To me, this statement shows that, more than wanting to write about Elizabeth Robins, Craig wanted to write about her own mother’s mental illness. She wanted to share how this circumstance affected her life. This is completely understandable. Since writing was invented it has been a healthy and therapeutic way for people who need to express such feelings to do so. Great literature has resulted from their efforts.

The problem comes in the awkwardness of the way in which Craig has selected to express herself. I could hear what Bette Craig has to say about growing up the daughter of an insane woman much more clearly if either Bette Craig walked on to a stage and said, “Hi, I’m Bette Craig and I want to share my experience with you” or if she had written a wonderful fiction in which I could experience her story through the characters without having to worry about what was real and what was pretend. Eugene O’Neill (whose father gave Robins her first acting job) did the latter most successfully in A Long Day’s Journey Into Night. We know the play is autobiographical, but by giving the characters other names and other identities O’Neill frees us to experience the essence of his experience without having to worry about the details.

Since Robins’ left no public comment on her mother’s mental illness, the scene, which comes at the end of the play not at its center, in which Craig (the character) confronts Robins with the fact and asks her about it, rings false. We do not and cannot know how Robins felt about her mother and how her mother’s illness affected her. Once again, if “Elizabeth Robins” and “Bette Craig” had been fictional characters, however closely based on truth, they could have had a wonderful and fulfilling conversation about their mothers. A play about a famous older actress/suffragette/author and her relationship with the woman writing her biography could be fascinating. It could unfold slowly, over the course of months or years, while things actually happened in the characters’ lives that gave them cause to become close and discuss such an intimate topic. No one walks in to a room and says, “Hi, my mother is nuts. How about yours?” The deep pain caused by the mental illness of a loved one is not a topic of casual conversation on a first meeting.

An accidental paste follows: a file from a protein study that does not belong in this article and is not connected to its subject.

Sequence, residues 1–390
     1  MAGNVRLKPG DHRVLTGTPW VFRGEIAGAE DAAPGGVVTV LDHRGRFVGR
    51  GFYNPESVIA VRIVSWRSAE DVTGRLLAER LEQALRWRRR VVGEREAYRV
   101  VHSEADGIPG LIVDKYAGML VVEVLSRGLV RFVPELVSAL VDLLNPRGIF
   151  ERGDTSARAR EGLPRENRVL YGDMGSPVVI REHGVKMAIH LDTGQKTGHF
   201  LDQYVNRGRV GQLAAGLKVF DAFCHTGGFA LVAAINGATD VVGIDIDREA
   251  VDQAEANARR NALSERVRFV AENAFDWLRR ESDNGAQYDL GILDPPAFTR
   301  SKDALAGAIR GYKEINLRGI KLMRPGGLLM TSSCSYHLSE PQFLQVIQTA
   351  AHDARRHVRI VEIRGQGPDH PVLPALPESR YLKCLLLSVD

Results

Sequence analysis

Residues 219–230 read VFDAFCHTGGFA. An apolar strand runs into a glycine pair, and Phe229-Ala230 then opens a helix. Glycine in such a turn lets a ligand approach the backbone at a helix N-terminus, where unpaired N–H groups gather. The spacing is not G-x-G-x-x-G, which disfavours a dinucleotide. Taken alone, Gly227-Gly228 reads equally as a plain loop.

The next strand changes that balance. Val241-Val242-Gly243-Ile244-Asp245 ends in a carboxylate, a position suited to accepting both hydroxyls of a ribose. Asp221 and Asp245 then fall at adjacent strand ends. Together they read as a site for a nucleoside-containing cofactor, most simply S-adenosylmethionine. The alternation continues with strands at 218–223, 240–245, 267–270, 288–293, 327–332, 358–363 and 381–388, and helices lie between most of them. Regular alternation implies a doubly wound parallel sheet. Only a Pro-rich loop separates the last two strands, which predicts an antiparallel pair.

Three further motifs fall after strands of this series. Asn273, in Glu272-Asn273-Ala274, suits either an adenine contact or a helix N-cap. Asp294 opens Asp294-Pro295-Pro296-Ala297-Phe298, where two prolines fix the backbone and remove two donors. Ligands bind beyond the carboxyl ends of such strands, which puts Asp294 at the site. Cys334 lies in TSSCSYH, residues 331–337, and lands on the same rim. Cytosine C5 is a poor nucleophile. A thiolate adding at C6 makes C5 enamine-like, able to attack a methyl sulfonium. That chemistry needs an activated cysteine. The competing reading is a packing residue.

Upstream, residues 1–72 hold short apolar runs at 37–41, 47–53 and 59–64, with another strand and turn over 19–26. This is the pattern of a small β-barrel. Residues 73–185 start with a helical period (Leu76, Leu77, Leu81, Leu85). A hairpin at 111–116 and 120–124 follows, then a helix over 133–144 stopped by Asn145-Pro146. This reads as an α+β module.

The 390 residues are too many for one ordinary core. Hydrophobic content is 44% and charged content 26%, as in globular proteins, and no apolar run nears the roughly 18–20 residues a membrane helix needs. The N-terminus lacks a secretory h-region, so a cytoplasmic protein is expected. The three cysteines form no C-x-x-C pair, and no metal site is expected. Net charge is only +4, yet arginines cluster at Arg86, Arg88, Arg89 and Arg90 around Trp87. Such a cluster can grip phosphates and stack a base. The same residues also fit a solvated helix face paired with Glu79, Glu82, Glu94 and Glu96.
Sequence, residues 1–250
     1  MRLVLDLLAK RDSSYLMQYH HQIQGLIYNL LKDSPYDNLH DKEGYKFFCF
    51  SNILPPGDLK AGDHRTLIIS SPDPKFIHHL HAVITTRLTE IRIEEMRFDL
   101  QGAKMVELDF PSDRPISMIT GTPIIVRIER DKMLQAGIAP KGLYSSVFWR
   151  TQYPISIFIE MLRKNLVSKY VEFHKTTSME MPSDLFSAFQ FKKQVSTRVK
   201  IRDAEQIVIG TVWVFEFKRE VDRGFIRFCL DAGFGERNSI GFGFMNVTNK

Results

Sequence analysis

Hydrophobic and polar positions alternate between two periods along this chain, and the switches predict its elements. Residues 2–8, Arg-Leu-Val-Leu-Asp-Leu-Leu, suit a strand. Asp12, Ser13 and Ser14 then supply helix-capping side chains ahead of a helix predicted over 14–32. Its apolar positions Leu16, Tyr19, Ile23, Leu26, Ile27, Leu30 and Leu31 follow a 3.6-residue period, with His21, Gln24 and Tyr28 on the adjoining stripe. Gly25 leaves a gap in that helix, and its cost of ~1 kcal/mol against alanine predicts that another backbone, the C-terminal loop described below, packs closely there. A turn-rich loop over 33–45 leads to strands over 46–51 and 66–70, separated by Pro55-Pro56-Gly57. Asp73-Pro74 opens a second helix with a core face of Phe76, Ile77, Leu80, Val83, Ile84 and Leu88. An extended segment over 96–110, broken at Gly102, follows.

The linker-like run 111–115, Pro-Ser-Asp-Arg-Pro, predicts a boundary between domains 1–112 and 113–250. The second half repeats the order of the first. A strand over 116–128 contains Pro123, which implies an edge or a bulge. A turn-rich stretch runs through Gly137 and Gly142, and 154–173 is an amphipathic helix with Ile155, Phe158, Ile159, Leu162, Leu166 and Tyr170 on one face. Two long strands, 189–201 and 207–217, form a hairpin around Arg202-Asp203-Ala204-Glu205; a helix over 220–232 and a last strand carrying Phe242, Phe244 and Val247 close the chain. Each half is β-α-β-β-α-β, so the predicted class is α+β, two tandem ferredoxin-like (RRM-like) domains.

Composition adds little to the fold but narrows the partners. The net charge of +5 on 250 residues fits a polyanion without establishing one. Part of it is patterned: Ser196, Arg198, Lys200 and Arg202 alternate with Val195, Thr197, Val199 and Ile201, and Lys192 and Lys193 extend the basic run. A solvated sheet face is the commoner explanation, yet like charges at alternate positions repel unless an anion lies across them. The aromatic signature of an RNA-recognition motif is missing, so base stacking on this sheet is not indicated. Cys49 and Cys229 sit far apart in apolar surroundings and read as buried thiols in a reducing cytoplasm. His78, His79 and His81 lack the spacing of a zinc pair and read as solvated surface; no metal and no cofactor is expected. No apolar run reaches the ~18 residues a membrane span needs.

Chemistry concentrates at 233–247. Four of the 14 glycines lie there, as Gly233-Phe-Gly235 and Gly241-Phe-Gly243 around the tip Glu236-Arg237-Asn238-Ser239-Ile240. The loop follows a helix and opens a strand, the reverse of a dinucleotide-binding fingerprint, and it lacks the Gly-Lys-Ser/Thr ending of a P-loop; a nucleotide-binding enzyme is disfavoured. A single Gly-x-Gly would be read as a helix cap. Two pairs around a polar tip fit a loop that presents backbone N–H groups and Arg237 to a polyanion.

MacDonald is credited as the director, with “special assistance” by Chuck Portz, with whom Craig lives and with whom she worked in the Labor Theatre. Given the long-standing and close connection shared by Craig, Portz, and Anisi, MacDonald would appear to be a late-comer to this project.

MacDonald and Spencer Trova have designed a very nice set for Looking for Elizabeth which makes the best possible use of the narrow confines of Main Street Stage. Alexia Trova designed the pleasant and unobtrusive lighting. She also designed the sound, which seemed to consist of the overture to Gilbert & Sullivan’s The Pirates of Penzance played through several times before the curtain. Why? Other than Robins having been alive and working in the London theatre at the same time as Gilbert & Sullivan there is no real connection. She was famous for her work in English translations of Ibsen. Why not play the Peer Gynt Suite?? No one is credited with the costuming, and I guess that the actresses wore their own clothing because there was nothing “period” about Anisi’s outfit.

Ever since seeing Julie Harris in The Belle of Amherst as a teen I have been excited about biographical plays that offer me a glimpse into the life and work of a talented person about whom I know very little. I had hoped to find that kind of excitement at Looking for Elizabeth, but it was not to be.

Looking for Elizabeth runs weekends through April 2. The show runs 95 minutes without an intermission and is suitable for all ages. For reservations or more information call Main Street Stage at 413-663-3240 or visit their Web site. The theatre is located at 57 Main Street in North Adams, a few doors east of Papyri Books.

copyright Gail M. Burns, 2006